Courtesy of Mary Sauer

I Love Breastfeeding, But No One Acknowledges The Emotional Labor Involved

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Breastfeeding has never come easy to me. My first child nursed for a few months, but my milk supply was constantly dropping since I worked outside of the home. My second breastfed for well over a year, but our story wasn't without its difficulties, either. My third — my son, who is nearing his first birthday — has been my easiest experience nursing a baby. He caught on quickly and, since I work from home, I've been able to keep my supply up by encouraging him to nurse often throughout the day — lucky me. I love breastfeeding my son, but I am finding the mental workload seriously exhausting.

I arrived home from a recent family vacation completely exhausted. Of course, vacation with kids is a lot of work, but it wasn't taking care of my two toddlers or chasing them around the beach that was so hard. At the end of my vacation I found myself absolutely worn out by one my main tasks as a mom — feeding my youngest child. I love breastfeeding, but honestly.

Courtesy of Mary Sauer

Don't get me wrong, breastfeeding is such a special experience and it has been a beautiful way for me to bond with my children. It is amazing that I can feed my baby anywhere we go. I’ve always felt so grateful that I didn’t have to pack up bottles and formula each time we leave the house, like I used to with my oldest child after she weaned. At the same time, no matter how comfortable you are with public breastfeeding, it isn’t the simplest task. Finding a quiet spot to feed a distracted baby can be hard when you're out and about with multiple kids, and it only gets hard as your baby grows older.

On vacation, I found myself getting irritable at the difficulty of feeding my 11 month old — of wrestling a baby who was clearly hangry but too distracted by the world around him to nurse for more than five seconds at time. I climbed into our car, hoping for some quiet while my husband chased our kids around the park. But there, my son reached for the radio buttons, strained around to look out the windows, and wriggled in my arms, trying to scale the passenger seats. Why won't you just let me feed you! I thought.

If I'm not hyper-vigilant, my baby doesn't get fed, and that reality completely overwhelms me.

Having an easily distracted baby isn’t even really the hard part. The real invisible work of breastfeeding is the constant responsibility to keep track of the baby's feeding schedule, to be the sole person responsible for making sure they are getting enough food and staying hydrated. If I'm not hyper-vigilant, my baby doesn't get fed, and that reality completely overwhelms me.

Courtesy of Mary Sauer

When my babies were young, I was their only source of nutrition. Even though my husband has always been quick to help with other aspects of newborn care, this is one task that falls completely on my shoulders. Trying to get out of the house or just grabbing a few hours of sleep requires being constantly aware of when he last ate, when he'll be hungry again, and if I need to encourage him to eat more frequently so he'll sleep better at night.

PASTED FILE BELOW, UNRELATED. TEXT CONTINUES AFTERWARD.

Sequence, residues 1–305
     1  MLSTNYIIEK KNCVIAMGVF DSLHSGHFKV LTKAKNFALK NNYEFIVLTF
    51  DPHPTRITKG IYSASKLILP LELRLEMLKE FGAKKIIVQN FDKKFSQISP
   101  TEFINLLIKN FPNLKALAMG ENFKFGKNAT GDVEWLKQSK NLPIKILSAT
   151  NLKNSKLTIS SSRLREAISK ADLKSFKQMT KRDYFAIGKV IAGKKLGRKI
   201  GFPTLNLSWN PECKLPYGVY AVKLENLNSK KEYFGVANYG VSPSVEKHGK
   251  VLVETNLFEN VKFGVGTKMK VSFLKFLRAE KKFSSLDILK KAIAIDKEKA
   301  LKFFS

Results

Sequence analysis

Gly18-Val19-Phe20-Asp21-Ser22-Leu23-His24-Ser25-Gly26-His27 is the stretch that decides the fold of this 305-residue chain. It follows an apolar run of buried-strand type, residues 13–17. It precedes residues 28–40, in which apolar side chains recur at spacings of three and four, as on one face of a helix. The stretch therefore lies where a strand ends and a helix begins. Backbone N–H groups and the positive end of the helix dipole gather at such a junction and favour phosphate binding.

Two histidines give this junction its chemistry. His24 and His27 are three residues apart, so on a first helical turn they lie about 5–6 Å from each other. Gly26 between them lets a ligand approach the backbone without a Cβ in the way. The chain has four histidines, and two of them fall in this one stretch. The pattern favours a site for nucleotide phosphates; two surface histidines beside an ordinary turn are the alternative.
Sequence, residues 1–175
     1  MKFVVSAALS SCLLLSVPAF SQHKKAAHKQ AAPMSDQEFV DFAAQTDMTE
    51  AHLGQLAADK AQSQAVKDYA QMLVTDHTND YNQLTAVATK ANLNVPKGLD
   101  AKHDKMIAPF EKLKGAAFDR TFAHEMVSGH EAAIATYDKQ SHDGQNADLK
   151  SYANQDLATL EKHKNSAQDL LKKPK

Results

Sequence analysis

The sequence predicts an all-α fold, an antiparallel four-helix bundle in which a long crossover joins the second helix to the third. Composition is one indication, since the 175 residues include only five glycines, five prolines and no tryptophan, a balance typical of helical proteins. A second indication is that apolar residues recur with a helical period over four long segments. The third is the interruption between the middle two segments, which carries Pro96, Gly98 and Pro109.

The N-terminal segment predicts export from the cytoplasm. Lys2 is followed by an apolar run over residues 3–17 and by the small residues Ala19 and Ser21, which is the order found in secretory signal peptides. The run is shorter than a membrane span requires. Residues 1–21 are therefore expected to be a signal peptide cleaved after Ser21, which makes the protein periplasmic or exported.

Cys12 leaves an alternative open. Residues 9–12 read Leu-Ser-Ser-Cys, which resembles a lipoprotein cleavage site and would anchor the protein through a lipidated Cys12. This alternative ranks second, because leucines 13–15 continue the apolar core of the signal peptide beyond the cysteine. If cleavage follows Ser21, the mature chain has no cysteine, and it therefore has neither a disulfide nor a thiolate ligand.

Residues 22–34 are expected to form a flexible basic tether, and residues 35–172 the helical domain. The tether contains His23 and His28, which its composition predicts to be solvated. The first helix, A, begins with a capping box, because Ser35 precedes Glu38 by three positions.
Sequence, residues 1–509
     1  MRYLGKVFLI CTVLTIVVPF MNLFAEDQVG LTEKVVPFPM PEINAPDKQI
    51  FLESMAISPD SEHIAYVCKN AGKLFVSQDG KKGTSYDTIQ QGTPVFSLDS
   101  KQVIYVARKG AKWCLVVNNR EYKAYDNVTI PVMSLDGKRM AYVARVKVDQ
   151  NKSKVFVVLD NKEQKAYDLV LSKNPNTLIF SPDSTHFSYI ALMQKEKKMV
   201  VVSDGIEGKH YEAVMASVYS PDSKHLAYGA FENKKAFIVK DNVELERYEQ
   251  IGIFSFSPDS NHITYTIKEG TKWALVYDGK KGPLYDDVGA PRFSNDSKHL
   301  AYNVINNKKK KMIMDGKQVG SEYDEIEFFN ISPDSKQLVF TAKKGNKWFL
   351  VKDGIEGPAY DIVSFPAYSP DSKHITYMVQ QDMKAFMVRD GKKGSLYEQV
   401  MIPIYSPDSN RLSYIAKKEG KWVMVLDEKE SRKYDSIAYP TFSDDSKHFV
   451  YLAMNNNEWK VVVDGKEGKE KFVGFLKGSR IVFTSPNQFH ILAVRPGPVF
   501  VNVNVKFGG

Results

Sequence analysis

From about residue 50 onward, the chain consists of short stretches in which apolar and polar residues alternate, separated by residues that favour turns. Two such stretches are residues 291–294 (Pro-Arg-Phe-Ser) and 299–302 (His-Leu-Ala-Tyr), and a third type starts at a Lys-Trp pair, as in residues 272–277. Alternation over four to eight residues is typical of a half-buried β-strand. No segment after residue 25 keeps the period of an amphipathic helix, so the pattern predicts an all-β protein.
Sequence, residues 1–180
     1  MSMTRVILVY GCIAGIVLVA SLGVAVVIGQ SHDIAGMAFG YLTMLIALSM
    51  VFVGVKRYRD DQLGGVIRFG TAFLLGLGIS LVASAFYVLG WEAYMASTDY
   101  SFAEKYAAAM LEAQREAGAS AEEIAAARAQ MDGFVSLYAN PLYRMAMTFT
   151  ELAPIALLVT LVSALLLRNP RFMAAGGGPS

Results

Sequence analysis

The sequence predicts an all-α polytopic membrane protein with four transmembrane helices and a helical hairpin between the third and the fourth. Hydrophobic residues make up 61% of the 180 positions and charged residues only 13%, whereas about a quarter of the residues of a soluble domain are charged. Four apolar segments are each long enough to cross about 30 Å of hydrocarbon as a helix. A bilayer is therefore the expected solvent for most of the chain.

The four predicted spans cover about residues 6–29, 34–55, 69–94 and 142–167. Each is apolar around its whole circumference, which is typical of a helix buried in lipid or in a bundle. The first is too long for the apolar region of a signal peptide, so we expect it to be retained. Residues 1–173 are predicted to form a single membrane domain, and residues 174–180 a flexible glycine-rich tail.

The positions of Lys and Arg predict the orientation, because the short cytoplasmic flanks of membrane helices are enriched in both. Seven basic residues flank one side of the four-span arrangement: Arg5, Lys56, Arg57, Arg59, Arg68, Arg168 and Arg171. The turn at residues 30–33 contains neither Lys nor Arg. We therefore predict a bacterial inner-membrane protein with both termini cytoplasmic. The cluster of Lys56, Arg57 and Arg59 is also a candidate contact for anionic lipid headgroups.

You would think that, as my baby got older, it would get easier to relax about these things, but that hasn’t been the case. In a way, it has gotten harder. My child may be pretty into table food, especially if french fries or fruit are involved, but since he is easily distracted and so into eating real food, I find it difficult to keep him hydrated.

No one else is glancing at the clock, noting it’s been two hours since he last ate or that I’m running out of time to nurse him before we run to grocery store.

On our vacation, it was a constant source of anxiety. We were spending hours and hours of time outside each day in the muggy, August heat. His love of the sand and the water kept him so happy, hours could pass without him wanting to nurse or even taking a few drinks from his sippy cup. I would try to encourage him to nurse every couple of hours but found he was too focused on getting back to play. The only way I could get him to nurse so I could be sure he was staying hydrated was to interrupt the fun and drag him back to our condo to nurse him in the dark and the quiet.

Courtesy of Mary Sauer

Of course, vacation isn’t the only time the mental workload of breastfeeding is difficult. It simply made me hyper aware of how much of my day is spent planning out his nursing schedule. And, like most breastfeeding moms, I am the only one thinking about it in our family. No one else is glancing at the clock, noting it’s been two hours since he last ate or that I’m running out of time to nurse him before we run to grocery store.

It might makes sense for this workload to fall solely on moms, since we are the ones making the milk, but knowing that doesn’t make it any easier to keep at it day after day. I try to take breaks when I am absolutely burnt out by putting my husband on bottle duty or sending my son to my mother-in-law's house for the day. These things help, but there are still weeks when I think about weaning all of the time, especially with his first birthday approaching. I'll even start to talk about it with my husband, to toss around the idea of leaving for the weekend to "rip off the Band-aid" and force him to wean.

And then, there is always a magical moment between us, when he pokes at my nose and grins while he eats and I know I’m not ready to say it’s the end just yet.

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